THE LAST PALACE by Norman Eisen tells the history of Czechoslovakia primarily through one building and the people who made it their home. The book was inspired by the author when he was the U.S. Ambassador to the Czech Republic and finding that the furniture that had resided in the building bore the imprints of ownership from its architect, through the Nazi confiscation, to a more modern barcode relating to its ownership by the United States. This book tells more than just the history of a building and it's occupants, it also tells the struggle of the Czech people in finding their voice. Risen brings a unique perspective since his mother is Czech and suffered under the Nazi regime. The beginning was a bit slow as the author talks a lot about the architecture and furnishings of the home, but the pace picks up with my author's mother's story. The story of Jewish persecution that the Petschek and others endured is not New although the author does take the time to give the Nazi Wehrmacht, Rudolf Touissant officer his due for Jewish books being kept in the library and his efforts to save not only this palace but Prague and its other buildings themselves. The story then follows Laurence Steinhardt, the U.S. Ambassador immediately after World War II, who salvages the palace in some very sketchy dealings and Shirley Temple Black and her ties to the Czech Republic's fight to regain their freedom. This was an interesting take on history and memory.

The Last Palace presents the history of Prague and Czechoslovakia through the lens of the Petschek Palace and the residents who occupied it. The palace, the most opulent in Prague, was built after WWI by a wealthy Jewish businessman, Otto Petschek, to his unique and demanding specifications. When the Nazis come to power, the Petscheks escape, leaving the palace to the occupancy of a Wehrmacht commander. Finally, thanks to the efforts of the post-War US ambassador to Prague, the Palace becomes the property of the State Department and the home of the US Embassy. At the same time that we learn about the Palace, we are introduced to the author’s mother, who grew up in a religious Jewish family in Czechoslovakia and, with three of her siblings, survived the concentration and work camps. Through the author’s mother and the residents of the Palace, we get a personal look at the past 100 years of history. Really enjoyed this book. The author did a masterful job of presenting this history not just as events, but how the individuals in his book -the residents of the Palace and his mothers family - reacted to the events.

Norman Eisen’s The Last Palace is a beautiful and personal story of Czech history over 100 years, told through his perspective and that of four previous occupants of the Petschek palace (later home of American ambassadors to the Czech Republic) as well as his own mother. It starts with the early life and then adult successes of Otto Petschek, a Jewish business magnate in Prague. His financial success leads to his decision to build his own personal palace. The Petschek family flees when the Nazis take over Czechoslovakia, and a representative takes over occupation of the home. When the war ends, Communism takes hold of the country, but not before a brief period when the United States purchases the Petschek palace. The story then transitions into telling the fight against Communism from the forties into the late eighties before concluding with a brief peek into the author’s term as ambassador. This is a fantastic peek into the turmoil that the Czech Republic has battled through in the past century. While it shows the ultimate triumphs of its citizens in having a voice, it is definitely a reminder of how hard it is fought for, and how tenuous it can be.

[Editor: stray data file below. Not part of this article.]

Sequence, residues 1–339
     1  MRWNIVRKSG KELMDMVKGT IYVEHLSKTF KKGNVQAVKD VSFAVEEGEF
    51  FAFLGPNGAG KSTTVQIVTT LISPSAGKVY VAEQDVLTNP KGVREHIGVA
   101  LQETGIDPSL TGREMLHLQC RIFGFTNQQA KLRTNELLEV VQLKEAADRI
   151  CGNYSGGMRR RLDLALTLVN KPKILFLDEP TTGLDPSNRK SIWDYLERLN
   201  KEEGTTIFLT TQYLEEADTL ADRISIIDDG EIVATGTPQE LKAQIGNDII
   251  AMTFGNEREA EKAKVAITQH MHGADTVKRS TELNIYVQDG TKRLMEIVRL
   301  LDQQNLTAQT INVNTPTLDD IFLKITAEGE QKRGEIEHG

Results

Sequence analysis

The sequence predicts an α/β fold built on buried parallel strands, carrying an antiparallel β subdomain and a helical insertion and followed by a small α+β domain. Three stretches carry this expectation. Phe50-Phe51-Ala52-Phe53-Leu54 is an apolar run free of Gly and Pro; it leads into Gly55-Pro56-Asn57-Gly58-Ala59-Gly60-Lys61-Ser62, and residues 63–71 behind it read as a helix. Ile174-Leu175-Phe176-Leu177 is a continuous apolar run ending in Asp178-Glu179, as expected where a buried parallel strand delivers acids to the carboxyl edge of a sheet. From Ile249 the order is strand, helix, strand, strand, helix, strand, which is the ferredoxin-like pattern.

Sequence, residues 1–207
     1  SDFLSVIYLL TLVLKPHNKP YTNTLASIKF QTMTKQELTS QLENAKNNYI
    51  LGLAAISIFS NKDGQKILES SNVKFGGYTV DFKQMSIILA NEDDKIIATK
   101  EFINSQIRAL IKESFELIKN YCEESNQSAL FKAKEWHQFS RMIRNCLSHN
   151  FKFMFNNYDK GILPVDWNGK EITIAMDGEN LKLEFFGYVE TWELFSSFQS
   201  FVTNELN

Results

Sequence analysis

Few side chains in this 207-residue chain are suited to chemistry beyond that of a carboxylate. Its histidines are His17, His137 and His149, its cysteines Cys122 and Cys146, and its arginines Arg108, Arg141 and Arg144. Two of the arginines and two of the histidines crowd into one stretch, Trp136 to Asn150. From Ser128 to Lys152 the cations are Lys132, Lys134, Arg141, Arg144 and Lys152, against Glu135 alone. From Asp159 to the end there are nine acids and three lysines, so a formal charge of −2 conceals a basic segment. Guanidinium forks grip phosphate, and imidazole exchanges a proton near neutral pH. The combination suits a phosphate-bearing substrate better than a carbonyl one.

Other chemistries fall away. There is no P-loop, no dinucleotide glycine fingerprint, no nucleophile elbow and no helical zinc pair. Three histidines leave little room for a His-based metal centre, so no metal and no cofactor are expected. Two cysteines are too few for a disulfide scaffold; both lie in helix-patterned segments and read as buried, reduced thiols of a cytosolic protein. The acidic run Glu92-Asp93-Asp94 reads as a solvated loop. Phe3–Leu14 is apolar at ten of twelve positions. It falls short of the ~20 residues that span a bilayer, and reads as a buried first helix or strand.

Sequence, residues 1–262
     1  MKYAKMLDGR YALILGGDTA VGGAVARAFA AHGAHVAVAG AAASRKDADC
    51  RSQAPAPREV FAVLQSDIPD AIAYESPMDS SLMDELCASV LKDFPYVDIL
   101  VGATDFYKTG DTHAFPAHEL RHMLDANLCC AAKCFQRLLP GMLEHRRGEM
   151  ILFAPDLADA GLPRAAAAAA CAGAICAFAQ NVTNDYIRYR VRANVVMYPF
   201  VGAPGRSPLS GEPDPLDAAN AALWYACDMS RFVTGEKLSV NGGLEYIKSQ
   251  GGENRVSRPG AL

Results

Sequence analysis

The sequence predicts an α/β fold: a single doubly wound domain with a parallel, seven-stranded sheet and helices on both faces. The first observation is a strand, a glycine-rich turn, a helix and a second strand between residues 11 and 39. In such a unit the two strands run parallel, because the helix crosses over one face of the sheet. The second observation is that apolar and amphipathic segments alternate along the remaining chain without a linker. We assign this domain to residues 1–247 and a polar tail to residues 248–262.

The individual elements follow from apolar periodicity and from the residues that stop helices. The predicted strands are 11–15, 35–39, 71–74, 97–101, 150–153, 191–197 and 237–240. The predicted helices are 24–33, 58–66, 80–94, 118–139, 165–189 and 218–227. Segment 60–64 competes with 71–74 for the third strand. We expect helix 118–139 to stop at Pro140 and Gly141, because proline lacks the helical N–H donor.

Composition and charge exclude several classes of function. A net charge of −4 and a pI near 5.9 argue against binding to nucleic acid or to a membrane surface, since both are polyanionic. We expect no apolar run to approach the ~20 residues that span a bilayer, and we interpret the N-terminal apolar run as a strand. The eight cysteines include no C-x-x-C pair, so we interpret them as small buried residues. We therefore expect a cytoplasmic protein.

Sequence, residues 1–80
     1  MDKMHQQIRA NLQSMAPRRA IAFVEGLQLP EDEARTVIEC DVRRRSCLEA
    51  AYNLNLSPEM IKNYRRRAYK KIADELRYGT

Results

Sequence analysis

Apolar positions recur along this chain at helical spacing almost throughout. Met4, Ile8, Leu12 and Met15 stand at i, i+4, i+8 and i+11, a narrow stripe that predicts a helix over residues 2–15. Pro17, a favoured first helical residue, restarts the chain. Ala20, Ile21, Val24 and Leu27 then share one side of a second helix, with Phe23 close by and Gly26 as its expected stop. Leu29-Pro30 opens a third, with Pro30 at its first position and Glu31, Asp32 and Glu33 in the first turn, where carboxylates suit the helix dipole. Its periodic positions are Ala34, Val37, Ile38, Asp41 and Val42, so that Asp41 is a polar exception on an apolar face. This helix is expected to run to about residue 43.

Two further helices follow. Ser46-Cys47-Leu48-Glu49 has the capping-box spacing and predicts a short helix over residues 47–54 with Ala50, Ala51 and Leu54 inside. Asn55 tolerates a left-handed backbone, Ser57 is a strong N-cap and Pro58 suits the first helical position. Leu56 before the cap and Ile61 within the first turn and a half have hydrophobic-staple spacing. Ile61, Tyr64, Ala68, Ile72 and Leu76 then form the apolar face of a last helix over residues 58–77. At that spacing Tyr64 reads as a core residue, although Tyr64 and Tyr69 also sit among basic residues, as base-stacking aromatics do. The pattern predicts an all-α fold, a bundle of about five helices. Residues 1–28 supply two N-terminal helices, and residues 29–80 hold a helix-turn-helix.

3.5 stars There were a couple reasons I was interested in reading this book. The first being I got to visit Prague a few years ago and it really is a beautiful city. Second, back when my husband and I lived in Germany, we loved going to see the different castles and palaces so I was intrigued by the description of this particular palace being perhaps the last one built in Europe. Sadly, I do not remember if I saw this one during my trip to Prague, at most it would have only been a quick glance during our walking tour. The author, a former ambassador to the Czech Republic under the Obama administration, lived in the Petschek palace while working in Prague. Otto Petschek, a Jewish man whose family was among the richest in Czechoslovakia, had the palace constructed in the 1920s much to the chagrin of family members. After the family fled due to growing anti-Semitism in the 1930s, Rudolf Toussaint, a top German officer, occupied the palace and it became home to many meetings with Nazi leaders. After the war, the palace has been a home or meeting site for many U.S. ambassadors including Shirley Temple Black. The palace is certainly rich in history and although Otto Petschek died many years ago I think he could at least appreciate the fact that if his descendants weren't living in the massive home he created, at least it was occupied by the author who is Jewish and whose mother grew up in Czechoslovakia. By far the parts of the book I was drawn to the most was the story of Otto and how the palace came to be and the author's mother who survived the concentration camps and later was forced to leave her homeland. While the book was a good history lesson in what has taken place in Prague from the early 1900s to the current decade, I just care more in non-fiction books the parts that focus on people rather than events. This book had a fairly equal mix of both. One slight criticism I have is I didn't care for how the author ended the story in regards to his mother. The author did a fine job in telling his mom's life story and you end up feeling this emotional connection to her. I just wish a little more could have been added about whether she actually followed through and made the trip. I do think this book will appeal to even casual non-fiction fans. It certainly was more fascinating than the last few books I have read in the genre. Thank you to First to Read for the opportunity to read an advance digital copy!

 


Copy the following link